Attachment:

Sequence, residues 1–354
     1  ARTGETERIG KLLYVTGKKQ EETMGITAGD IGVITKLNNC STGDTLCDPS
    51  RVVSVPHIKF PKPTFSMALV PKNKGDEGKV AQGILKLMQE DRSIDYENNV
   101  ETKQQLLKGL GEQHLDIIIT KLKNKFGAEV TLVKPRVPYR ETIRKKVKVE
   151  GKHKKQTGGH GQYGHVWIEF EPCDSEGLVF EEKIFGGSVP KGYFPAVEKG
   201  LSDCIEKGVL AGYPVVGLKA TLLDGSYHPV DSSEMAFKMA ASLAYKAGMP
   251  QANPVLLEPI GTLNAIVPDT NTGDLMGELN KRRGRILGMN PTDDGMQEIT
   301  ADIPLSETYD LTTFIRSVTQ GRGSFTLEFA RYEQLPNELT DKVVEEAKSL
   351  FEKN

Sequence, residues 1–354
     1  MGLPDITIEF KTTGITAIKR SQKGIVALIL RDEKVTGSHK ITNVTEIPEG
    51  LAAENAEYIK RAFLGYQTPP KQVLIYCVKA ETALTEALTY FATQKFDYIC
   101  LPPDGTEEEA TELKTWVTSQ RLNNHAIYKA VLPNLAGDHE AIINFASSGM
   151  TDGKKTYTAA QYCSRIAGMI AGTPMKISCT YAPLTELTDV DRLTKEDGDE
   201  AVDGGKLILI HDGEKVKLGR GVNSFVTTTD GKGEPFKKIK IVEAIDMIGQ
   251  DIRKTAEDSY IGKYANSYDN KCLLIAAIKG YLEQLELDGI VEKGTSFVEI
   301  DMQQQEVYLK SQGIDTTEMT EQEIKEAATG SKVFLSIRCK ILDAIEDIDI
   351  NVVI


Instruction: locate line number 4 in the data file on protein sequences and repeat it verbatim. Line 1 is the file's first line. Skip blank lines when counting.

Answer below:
   101  ETKQQLLKGL GEQHLDIIIT KLKNKFGAEV TLVKPRVPYR ETIRKKVKVE